How John Muir and Nature Inspired Bon Iver Drummer S. Carey
Cameron Wittig S. Carey
Sean Carey's Range of Light begins like the still quiet of a forest morning.
"Glass/Film," the opening song of Carey's second full-length album, comes with the distinct sense of an awakening, starting with a heart-beat drum and slowly building, a soft guitar, a flash of horn.
Carey says the album is named for what naturalist John Muir called the Sierra Nevada range, and that grand, panoramic beauty of the mountains is something that inspired his songwriting.
Carey, who lived in Arizona for five years growing up and spent much of his childhood with his father exploring places like the Mogollon Rim, the White Mountains, Yosemite National Park and the Sierra Nevadas, uses nature as a metaphor for understanding and describing the differing emotions that recently have guided his life.
"When the songs started to form into a record, I noticed that there was this range of emotion in the songs for me and I started thinking about what was going to capture that spectrum," Carey says. "There was just a moment I thought that would really work as a title for the songs. I loved the simplicity of it and I loved the metaphor of it, on an emotional level."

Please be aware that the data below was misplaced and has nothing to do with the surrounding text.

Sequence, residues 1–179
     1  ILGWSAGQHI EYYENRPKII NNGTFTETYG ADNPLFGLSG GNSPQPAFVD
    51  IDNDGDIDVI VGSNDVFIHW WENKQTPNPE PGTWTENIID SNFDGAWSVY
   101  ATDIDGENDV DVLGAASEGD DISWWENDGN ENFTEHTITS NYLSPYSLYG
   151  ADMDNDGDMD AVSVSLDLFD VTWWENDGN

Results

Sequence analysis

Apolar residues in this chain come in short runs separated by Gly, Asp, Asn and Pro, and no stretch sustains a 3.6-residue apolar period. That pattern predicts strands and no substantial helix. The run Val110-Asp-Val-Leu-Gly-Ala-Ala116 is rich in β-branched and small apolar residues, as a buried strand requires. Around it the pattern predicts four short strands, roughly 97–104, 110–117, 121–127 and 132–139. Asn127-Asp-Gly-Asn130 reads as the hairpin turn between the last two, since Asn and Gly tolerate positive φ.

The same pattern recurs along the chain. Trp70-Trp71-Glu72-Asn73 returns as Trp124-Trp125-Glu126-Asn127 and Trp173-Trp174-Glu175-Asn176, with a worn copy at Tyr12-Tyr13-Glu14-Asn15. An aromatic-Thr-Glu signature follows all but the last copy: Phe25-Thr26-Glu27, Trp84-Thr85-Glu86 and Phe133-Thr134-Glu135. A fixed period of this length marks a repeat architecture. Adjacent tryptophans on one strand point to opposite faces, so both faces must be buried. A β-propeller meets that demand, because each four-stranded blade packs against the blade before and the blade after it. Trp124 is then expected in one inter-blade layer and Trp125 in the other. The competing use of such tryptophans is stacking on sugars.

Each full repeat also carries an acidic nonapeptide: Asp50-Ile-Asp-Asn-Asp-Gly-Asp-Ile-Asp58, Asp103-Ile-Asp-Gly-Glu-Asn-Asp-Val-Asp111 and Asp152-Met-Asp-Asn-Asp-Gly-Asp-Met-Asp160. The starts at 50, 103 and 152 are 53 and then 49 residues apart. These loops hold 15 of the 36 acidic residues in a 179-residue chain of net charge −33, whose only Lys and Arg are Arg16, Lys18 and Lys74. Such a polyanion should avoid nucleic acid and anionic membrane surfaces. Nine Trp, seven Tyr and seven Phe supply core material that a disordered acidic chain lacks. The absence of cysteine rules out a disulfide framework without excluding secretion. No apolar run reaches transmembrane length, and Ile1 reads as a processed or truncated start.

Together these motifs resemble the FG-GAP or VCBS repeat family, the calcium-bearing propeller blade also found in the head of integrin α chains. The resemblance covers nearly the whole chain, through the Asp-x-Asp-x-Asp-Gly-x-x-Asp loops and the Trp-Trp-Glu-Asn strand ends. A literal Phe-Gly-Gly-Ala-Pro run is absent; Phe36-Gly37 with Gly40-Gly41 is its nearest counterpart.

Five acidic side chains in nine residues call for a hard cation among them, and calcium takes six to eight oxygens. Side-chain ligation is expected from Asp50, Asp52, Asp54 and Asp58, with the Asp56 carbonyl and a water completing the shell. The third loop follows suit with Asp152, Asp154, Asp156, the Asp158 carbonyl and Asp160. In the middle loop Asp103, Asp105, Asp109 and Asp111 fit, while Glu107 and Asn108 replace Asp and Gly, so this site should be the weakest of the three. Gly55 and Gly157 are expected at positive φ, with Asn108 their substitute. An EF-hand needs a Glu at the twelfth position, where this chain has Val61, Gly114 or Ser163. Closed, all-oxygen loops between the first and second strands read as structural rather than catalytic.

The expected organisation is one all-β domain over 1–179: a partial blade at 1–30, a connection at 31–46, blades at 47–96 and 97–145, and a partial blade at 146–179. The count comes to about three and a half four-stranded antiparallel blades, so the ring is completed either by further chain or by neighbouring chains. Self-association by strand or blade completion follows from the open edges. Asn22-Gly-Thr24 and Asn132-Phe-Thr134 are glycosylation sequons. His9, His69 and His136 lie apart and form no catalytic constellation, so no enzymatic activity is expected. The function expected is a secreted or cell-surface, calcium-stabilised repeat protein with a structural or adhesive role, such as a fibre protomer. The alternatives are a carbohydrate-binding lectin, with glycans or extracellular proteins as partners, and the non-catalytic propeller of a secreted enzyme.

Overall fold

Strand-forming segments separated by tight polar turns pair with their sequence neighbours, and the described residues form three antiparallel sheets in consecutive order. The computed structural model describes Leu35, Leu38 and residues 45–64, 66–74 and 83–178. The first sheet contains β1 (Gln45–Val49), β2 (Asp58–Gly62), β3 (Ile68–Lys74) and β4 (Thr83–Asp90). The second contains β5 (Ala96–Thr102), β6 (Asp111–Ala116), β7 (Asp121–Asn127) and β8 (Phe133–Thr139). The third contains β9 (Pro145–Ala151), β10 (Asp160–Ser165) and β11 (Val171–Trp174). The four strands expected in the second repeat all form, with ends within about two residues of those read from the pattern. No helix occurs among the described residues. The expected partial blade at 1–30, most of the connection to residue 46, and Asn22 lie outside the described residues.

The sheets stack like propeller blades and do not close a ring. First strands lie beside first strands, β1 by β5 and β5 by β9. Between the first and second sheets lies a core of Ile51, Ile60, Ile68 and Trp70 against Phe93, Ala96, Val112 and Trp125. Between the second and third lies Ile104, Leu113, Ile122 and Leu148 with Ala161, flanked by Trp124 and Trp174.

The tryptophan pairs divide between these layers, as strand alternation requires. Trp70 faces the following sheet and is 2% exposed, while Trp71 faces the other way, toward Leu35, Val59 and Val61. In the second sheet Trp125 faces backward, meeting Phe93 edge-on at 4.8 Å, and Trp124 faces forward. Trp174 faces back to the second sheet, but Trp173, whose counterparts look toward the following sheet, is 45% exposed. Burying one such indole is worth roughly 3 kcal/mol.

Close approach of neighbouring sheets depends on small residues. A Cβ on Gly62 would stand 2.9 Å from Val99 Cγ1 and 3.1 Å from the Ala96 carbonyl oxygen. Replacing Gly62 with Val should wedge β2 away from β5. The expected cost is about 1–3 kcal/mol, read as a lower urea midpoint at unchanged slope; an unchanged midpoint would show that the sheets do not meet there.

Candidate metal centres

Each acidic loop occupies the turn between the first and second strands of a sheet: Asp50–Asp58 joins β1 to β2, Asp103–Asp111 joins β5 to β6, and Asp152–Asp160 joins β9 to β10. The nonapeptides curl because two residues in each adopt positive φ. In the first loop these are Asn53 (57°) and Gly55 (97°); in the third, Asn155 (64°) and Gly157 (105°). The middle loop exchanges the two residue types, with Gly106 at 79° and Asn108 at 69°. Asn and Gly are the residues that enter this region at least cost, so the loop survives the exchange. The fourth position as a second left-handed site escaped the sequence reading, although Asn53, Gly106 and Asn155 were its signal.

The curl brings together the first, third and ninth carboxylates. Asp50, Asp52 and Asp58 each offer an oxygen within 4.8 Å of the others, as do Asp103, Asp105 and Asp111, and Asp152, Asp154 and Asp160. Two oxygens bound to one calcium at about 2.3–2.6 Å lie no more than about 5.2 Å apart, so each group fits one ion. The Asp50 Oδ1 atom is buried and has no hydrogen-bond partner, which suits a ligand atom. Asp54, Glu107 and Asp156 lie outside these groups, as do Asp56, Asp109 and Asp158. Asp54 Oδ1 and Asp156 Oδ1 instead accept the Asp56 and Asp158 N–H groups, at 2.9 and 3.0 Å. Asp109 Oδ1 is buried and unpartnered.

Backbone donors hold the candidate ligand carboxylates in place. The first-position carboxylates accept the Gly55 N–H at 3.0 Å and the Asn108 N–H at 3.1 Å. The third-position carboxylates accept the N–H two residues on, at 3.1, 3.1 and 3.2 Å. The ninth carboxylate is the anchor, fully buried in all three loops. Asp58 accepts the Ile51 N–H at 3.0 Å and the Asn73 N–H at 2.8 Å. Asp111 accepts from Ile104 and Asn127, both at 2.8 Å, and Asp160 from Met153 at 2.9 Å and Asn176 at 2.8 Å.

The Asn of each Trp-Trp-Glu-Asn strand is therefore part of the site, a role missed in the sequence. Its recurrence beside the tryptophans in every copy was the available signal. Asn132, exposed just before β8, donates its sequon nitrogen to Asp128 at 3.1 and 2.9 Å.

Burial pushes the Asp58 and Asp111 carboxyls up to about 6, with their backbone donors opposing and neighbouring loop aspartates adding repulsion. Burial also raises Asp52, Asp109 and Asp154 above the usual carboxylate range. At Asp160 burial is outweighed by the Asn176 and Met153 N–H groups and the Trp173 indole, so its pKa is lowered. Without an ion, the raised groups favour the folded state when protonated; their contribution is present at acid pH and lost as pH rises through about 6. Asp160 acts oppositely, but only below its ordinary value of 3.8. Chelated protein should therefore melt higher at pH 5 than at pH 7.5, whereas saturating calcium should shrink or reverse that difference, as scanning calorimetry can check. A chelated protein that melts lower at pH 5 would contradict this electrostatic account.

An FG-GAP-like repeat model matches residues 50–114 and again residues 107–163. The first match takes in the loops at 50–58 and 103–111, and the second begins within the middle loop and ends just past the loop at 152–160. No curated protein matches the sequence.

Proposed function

Range of Light, the follow-up to Carey's 2010 debut All We Grow, expands on his jazz- and classical-informed folk music, giving his songs more complexity and dynamics, a memorable sense of depth and beauty, and a panoramic quality that suggests those big, formidable landscapes.
The blooming quality of "Glass/Film" is intentional, Carey says, as was the April 1 release date for the album.
"A lot of the songs have references to nature and specifically to mountains," he says. "The release date was important, to me, that it was in the spring. A lot of the songs have a spring and summer connection to me."
Not only does the album reflect a range of emotions for Carey, but a range of experiences throughout the years as well, a new father thinking back to his own childhood.